The Nuffield Trust, Health Foundation and King’s Fund have called for a robust, independent evaluation of the social care workforce.
In a letter to health secretary Matt Hancock, and chair of the Commons Health and Social Care Select Committee Jeremy Hunt MP, the think-tank organisations have called for a clause to be added to the NHS Bill putting in place independent projections of how many health and social care staff will be in place in the future, and how many will be needed.
The organisations say that many social care staff will emerge from the pandemic exhausted and, in many cases, scarred from their experiences. They warn: “Setting unrealistic targets for the recovery of services and launching a top-down drive to meet them when staff are exhausted could be disastrous.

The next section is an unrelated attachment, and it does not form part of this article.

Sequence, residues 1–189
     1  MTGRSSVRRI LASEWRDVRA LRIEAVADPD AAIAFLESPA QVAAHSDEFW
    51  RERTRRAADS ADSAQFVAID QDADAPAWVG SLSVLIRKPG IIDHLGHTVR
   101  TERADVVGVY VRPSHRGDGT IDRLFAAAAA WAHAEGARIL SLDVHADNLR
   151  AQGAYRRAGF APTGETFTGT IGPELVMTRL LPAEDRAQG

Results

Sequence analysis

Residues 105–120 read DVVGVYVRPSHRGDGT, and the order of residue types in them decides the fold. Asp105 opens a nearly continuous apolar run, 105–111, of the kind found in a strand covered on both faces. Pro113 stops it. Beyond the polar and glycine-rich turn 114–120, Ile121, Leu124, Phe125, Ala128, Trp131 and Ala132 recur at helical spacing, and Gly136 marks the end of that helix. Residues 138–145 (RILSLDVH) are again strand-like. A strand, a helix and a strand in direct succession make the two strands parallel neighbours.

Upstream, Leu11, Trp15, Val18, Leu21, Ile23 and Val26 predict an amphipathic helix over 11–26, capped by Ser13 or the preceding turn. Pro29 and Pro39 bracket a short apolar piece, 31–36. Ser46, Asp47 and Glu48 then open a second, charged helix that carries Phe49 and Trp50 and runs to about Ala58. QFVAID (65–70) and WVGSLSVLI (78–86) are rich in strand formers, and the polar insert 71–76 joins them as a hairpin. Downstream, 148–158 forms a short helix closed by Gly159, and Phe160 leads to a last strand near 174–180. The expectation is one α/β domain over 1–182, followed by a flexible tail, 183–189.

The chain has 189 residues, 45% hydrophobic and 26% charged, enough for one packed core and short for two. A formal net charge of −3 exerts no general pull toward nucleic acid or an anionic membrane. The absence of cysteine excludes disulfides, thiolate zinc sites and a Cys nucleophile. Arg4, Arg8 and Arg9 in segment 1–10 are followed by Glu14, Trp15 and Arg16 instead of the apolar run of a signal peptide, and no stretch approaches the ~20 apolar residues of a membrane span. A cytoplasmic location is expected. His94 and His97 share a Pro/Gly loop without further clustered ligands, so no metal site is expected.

“The risk in terms of the morale, wellbeing and burn out of staff is significant and there is a very real risk of an exodus of staff from the service.”
The proposed social care clause in the NHS Bill would achieve annual independently verified projections of the future supply of, and demand for, social care workforce in England, for a 15-year period, consistent with the long-term projections of adult social care spending produced by the OBR.
The clause would also allow for clarity over the assumptions underpinning the projections in relation to the workforce flows from and to the other UK countries and immigration and out-migration.
Finally, the organisations call for a fully-costed workforce strategy for the next five years as part of the comprehensive plan for adult social care. The Spending Review should ensure this is fully-funded.